Office of President William Allan Neilson Files
William Allan Neilson was born March 28, 1869, in Doune, Pertshire Scotland. He attended Edinburgh University where he studied philosophy, graduating with honors in 1891. In order to join his brother who emigrated to Canada, Neilson crossed the Atlantic and began teaching in Upper Canada College in Toronto which was a boarding school for young boys.
Deciding that he would prefer to be a scholar than a school master, Neilson went on to Harvard Graduate School in Cambridge, MA where he received his Ph.D. in English in 1898. Upon receiving his Ph.D., Neilson accepted a position as an Associate in English Literature at Bryn Mawr College in Bryn Mawr, PA. Neilson taught at many other fine institutions before settling into the work of an administrator. Harvard, Radcliffe, the Sorbonne, Columbia, Barnard, and the University of California all made use of Neilson's talents at one time or another.
It was during his years as a professor that Neilson distinguished himself as the sort of scholar that an academic institution would wish to guide it. Before coming to Smith, Neilson made a name for himself both as a professor devoted to his students' learning (he was the only instructor of Helen Keller's who learned the manual sign language she used for communication) but also as a writer and an editor. Among his writings were Essentials of Poetry (1912)and The Facts about Shakespeare (1913). He also was the editor of Milton's Minor Poems (1899) and Shakespeare's Complete Works (1906).
In 1917, Neilson was offered the Presidency of Smith College. He accepted on the conditions that he would not be obligated to raise money, and that a president's house would be built, with which the trustees complied.
Perhaps one of the best assets that Neilson brought to Smith was his quick wit that endeared him to student, staff, faculty, and alumnae alike. At Neilson's final commencement in 1939 Cynthia Walsh recalled one particular instance:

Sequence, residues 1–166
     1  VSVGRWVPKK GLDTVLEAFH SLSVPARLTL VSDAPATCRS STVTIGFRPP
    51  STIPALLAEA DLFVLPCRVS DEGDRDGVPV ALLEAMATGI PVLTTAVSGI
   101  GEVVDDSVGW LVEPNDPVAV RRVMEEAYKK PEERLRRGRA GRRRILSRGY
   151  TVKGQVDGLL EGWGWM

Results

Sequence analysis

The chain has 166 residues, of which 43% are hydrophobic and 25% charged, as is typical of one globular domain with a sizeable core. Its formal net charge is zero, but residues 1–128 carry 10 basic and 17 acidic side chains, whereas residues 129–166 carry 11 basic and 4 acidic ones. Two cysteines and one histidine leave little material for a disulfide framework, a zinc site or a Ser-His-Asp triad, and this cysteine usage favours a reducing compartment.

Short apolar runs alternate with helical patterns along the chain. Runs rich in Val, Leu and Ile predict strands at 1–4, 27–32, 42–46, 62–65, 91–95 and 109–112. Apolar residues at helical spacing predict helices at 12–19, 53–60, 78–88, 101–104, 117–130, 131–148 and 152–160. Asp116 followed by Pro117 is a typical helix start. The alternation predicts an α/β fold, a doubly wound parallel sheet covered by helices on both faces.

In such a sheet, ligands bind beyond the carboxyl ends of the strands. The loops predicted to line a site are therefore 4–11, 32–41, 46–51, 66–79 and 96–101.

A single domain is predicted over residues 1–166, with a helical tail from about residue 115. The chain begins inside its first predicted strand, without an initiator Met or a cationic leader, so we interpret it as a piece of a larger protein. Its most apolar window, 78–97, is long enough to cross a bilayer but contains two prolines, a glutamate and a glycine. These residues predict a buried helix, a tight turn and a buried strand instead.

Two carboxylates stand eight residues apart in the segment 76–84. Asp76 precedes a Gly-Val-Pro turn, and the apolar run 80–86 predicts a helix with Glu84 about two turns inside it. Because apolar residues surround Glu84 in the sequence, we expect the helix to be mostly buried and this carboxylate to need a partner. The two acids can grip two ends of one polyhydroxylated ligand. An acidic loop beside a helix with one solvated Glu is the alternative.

The seniors will especially recall that on May Day when they went to serenade him, his new collie puppy began to bark, not realizing what sweet voices were vying with the birds so early in the morning. When the president stepped out he said, "My dog thinks you're sheep," and the volleys of laughter which greeted this remark quite drowned out the rest: "-but I think you're lambs!"
Neilson's accomplishments at Smith were many. When Neilson noticed that a majority of Smith students lived off campus he set about the task of purchasing and building new residences so that all Smith students would live on campus. After building the Great Quadrangle, purchasing Chapin House, Talbot House, Sessions House, and many others his goal was completed. During Neilson's 22-year term as president, the campus also saw the additions of Sage Music Hall, Scott Gymnasium, Tryon Art Gallery, the Alumnae House, the Infirmary, and the President's house.
Neilson also established the Junior Year in France, Junior Year in Italy, and the Junior Year in Spain Programs. Special Honors, the Smith College Day School, and the School for Social Work were additions that Neilson made to the college.
Never one to rest on his laurels, Neilson continued writing and editing while looking after the well being of 2,000 students. In 1920 he wrote History of English Literature and in 1922 he edited Roads to Knowledge. He also was the editor-in-chief of Webster's New International Dictionary, 2nd edition, 1934.